Color Theory: The Psychology of Colors in Interior Design (Part 2 – the Secondary & Tertiary Colors)

Apr 24, 2018 Category: Uncategorized

In our previous blog about basic color theory, we discussed the primary colors of red, blue, and yellow. Next, we will examine the impact of the secondary and tertiary colors.

What are the secondary colors?

When you combine two primary colors, you wind up with a secondary color. Red and blue equal purple. Red and yellow make orange. Yellow and blue turn into green.

What are the tertiary colors?

By mixing primary and secondary colors, you wind up with the following six tertiary colors:

  • Red-orange
  • Yellow-orange
  • Yellow-green
  • Blue-green
  • Blue-violet
  • Red-violet

Of course, the art of color theory does not stop there. By varying the amount of one color in the combination, you can wind up with an endless array of shades. Just walk into any paint shop, and the swatches are astounding. How will you ever decide?

That is where the help of an experienced interior designer is invaluable. The use of color in design is an art. There is also a science behind it – often termed room color psychology. As an interior designer, it is my role to help select the precise shades for your room. We can incorporate color schemes into your walls, window coverings, furnishings, flooring, or accent pieces.

Incorporating Secondary and Tertiary Color Theory into Your Home

When we delve into the psychology of colors in interior design, we often find ways to address specific issues a person may have. For example, the right colors can help if you have a lot of stress in your life. We will want to add cooler, calming colors, such as varying shades of purple, blue, and green into your home.

The color theory wheel also helps you pick complimentary colors – but we will save that conversation for another time.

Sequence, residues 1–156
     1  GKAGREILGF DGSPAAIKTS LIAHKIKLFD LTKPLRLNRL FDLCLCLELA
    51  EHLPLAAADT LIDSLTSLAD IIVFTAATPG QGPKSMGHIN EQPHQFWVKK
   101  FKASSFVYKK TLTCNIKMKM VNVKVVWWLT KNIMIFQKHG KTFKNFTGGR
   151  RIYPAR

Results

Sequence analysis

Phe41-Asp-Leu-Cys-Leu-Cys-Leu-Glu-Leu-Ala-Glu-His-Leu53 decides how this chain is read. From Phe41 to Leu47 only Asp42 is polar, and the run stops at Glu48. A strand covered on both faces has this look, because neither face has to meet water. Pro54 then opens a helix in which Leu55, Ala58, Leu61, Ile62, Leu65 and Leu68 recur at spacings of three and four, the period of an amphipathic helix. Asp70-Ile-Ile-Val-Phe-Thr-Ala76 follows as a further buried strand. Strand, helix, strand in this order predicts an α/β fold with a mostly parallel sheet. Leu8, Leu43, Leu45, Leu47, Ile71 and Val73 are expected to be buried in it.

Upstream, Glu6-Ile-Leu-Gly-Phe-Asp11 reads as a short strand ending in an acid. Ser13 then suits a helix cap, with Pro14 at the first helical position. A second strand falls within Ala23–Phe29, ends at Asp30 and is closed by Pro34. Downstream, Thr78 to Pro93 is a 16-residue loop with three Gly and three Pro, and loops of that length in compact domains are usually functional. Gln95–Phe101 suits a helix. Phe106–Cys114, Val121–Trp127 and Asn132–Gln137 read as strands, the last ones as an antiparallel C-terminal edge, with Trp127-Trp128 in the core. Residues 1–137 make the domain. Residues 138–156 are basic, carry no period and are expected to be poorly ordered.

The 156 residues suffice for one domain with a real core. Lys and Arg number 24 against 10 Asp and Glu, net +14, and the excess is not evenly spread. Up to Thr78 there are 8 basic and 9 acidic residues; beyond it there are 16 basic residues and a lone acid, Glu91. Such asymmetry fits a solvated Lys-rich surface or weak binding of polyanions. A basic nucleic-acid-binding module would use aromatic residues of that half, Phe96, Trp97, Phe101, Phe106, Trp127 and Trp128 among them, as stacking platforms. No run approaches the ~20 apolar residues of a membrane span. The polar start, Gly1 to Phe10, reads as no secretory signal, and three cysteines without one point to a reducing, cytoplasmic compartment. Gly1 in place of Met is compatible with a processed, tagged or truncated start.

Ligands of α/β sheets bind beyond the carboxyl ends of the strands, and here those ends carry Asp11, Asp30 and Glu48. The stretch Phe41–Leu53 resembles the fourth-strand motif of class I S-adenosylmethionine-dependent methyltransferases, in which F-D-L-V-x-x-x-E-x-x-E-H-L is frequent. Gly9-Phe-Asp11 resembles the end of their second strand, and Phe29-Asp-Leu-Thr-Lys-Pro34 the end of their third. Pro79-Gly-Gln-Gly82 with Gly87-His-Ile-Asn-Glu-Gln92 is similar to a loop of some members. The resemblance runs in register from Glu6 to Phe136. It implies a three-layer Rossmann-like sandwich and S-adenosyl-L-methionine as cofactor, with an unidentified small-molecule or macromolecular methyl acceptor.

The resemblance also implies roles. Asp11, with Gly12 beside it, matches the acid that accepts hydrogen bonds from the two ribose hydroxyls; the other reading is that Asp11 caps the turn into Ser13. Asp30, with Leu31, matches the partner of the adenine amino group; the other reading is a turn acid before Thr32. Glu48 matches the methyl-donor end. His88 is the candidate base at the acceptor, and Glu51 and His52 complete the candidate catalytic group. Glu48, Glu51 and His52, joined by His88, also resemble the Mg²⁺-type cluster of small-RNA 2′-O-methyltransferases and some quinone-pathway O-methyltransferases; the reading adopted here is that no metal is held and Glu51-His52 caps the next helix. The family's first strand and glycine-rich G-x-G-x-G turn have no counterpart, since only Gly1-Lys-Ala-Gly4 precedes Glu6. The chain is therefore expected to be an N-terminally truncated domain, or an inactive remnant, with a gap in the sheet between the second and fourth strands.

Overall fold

Now let us examine the color theory behind the three secondary colors. The tertiary colors will be variations of the impacts you read about below:

Purple – Often associated with royalty, purple brings with it a feeling of power. When tinged with more of a blue undertone, purple can add calm and serenity to your space. Purple shades that have a bit more red increase attention and are more dominating. You can also use purple to stimulate creativity.

Color board by HK Interiors

Orange – When looking for a touch of warmth, consider a vibrant shade of orange. The kitchen and dining room are two areas of your home that can benefit from orange as it stimulates appetite and may help improve digestion

Ginger Jar from Global Views

Green – It is natural to think about nature when using the color green. This is a wonderful way to incorporate the outdoors into your home. Green is associated with balance, harmony, energy, and stability.

Green pillow from Global Views

Using Color Theory to Go Beyond the Primary and Secondary Colors

The world would be a boring place if we stopped at the primary, secondary, and tertiary colors. There is still so much more to experience – and to bring into the home. We can continue to use color theory to add other hues into our interior designs, such as:

Pink – It is not surprising that pink is often found in the rooms of little girls. Pink has a fresh sweetness that is soothing to the eye.

Matrix Blush Chair from Article

Gray – Elegant yet conservative, beware of yellow tints that can impart a depressing feel. Gray brings a refreshing appearance, especially when combined with white, black, and a hint of color. Using silver shades will spice gray up and bring a feeling of wealth and prosperity. Gray is a great neutral color.

Black – If you are looking for a bold, powerful, and elegant look, search no further than black. Just be careful not to overdo black in your home.

Color Board by HK Interiors

Brown – Also associated with nature, brown is a neutral color that adds stability and security to your space. The richness of wood is symbolic of good taste and is often used in offices

Poof from Surya Rugs

White – Clean, crisp, refreshing – perhaps the most neutral of all “colors.” White is quiet, airy, pure – devoid of color, and lends itself to any accents. You can also achieve a formal look by using cooler shades and textures of white. Warmer hues bring a cozy feel to the room.

White Vase from Global Views

You can also refer back to Part 1 of this series on color theory to read up on the primary colors.

Please contact HK Interiors to discover how our interior design services can help you create magic in your home or office. Call 954-401-8542 today for all your interior design needs.

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